For once I’ve already devoured the book before it comes out in film.
Not my usual choice, it was a great holiday read and almost brought about a conversion. The hostile claustrophobic atmosphere of the fifties Soviet State was well covered and all too plausible. That it was about child abuse and murder that the Soviet state refused even to acknowledge is an irony, if nothing else, with the DPP’s recent catastrophic blow to victims (not in the public interest to be seen to act fairly.)
It seems iniquitous not to shout out at the injustice done by our liberal state to the victims of abuse.
A shame then that they say the film has dulled a taught psychological thriller and immersed everything in a ‘cloudy brown soup’
Apart from families, memories, Ireland and a host of other things, The Gathering is about child abuse. There is nothing in the blurb that even mentions this and I feel in the light of recent disclosures and the extent of institutionalised abuse that this is very telling.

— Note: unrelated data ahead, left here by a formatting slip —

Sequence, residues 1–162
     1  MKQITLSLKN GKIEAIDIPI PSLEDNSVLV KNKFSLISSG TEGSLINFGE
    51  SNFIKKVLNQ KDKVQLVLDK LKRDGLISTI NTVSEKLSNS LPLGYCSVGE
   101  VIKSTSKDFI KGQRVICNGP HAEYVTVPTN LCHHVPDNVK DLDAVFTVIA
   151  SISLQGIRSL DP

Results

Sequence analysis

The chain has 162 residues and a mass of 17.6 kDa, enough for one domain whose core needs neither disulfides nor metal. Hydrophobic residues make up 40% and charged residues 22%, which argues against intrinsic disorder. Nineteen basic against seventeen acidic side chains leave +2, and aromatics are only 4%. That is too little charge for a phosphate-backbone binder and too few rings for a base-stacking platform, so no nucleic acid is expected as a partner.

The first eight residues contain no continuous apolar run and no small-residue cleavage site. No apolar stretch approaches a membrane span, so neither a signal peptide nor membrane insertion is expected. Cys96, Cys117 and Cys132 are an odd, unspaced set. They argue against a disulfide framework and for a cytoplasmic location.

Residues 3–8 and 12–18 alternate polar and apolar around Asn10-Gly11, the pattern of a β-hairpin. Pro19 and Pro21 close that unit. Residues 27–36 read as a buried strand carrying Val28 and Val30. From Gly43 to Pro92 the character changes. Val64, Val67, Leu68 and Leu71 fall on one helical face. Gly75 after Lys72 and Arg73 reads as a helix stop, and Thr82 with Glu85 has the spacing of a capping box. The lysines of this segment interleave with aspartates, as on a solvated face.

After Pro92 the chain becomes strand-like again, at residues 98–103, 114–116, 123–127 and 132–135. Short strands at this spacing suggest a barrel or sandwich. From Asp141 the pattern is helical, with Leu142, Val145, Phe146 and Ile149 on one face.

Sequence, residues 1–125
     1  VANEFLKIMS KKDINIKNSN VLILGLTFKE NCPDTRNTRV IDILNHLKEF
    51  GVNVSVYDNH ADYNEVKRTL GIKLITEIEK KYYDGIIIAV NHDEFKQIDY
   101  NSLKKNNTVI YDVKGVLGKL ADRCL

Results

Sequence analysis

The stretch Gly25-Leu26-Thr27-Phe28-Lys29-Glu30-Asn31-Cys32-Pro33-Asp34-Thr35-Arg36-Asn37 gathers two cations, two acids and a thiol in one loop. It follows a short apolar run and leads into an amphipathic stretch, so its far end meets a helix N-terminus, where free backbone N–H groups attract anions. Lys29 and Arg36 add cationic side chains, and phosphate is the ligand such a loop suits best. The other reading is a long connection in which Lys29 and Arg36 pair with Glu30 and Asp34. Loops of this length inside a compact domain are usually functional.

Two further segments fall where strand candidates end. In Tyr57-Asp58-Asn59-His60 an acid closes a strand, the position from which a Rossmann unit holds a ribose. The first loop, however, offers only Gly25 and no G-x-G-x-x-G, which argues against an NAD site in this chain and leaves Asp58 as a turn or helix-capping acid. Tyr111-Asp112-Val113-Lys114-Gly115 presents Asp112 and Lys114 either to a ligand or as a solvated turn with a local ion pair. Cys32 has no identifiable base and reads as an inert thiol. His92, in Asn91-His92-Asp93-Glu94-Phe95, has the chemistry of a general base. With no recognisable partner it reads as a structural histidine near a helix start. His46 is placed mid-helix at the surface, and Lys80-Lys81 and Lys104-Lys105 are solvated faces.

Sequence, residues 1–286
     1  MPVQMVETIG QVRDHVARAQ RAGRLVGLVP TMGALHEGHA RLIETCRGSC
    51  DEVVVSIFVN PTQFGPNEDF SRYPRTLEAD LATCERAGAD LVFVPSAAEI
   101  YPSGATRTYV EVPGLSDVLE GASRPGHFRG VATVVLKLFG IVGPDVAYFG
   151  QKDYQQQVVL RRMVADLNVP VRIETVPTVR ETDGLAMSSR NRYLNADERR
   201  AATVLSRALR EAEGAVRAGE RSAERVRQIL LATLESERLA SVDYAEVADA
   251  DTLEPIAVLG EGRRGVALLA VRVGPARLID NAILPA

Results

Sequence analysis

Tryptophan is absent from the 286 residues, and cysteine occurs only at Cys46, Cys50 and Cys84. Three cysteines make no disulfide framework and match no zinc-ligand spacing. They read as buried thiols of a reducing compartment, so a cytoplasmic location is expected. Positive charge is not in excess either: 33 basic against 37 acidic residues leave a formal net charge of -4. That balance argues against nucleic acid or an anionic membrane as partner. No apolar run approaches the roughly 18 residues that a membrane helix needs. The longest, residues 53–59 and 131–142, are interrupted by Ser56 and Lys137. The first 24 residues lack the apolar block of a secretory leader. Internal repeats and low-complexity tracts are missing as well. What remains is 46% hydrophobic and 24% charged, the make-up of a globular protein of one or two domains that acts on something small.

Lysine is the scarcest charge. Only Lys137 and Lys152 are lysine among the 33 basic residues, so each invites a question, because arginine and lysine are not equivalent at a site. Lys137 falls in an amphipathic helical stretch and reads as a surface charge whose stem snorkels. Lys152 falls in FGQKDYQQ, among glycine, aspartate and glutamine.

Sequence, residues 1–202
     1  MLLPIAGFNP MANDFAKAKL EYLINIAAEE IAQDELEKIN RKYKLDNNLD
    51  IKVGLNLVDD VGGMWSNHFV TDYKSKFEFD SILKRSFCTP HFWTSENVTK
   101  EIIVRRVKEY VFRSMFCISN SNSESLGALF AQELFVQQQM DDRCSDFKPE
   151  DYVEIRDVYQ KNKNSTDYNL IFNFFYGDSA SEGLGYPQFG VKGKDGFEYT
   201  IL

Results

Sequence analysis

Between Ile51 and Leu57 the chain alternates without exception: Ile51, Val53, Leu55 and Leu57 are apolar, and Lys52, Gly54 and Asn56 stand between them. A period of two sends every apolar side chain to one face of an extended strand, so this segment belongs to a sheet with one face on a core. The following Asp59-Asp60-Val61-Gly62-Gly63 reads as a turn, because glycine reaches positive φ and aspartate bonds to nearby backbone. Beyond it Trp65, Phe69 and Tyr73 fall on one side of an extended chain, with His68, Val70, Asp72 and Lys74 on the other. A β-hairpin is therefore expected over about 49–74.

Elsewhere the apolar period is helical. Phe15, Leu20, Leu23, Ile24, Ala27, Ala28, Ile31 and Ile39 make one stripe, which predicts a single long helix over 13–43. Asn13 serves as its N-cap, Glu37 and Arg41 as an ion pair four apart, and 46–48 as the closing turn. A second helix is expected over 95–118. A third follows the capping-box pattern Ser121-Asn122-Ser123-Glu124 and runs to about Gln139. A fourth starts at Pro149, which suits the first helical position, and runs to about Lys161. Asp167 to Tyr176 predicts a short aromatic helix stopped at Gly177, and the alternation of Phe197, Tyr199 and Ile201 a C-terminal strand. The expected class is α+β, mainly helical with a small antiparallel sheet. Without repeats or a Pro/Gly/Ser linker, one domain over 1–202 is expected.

The book is about the knowing, the guilt, the suspicion and the total destruction of the child and perhaps all those who knew and, either were too young to know what they knew, or denied it.
It seems with Rotherham in the news so dramatically that we are all guilty of silence. A culture of silence when no one would believe you if you said the word aloud or accused the favourite uncle, brother, father, grandfather, step father, or even friend of the family.
The prevalence of paedophilia feels like the fall of the Roman Empire. Those last days of debauchery when the worst of the worst of people’s nature was allowed to let rip. Perhaps a penchant for sex with children is part of some people’s nature and as difficult to renounce as over eating or over drinking but that does not make it OK or mean that control cannot be exercised. I think I’d be with Nancy Reagan on this – Just say no.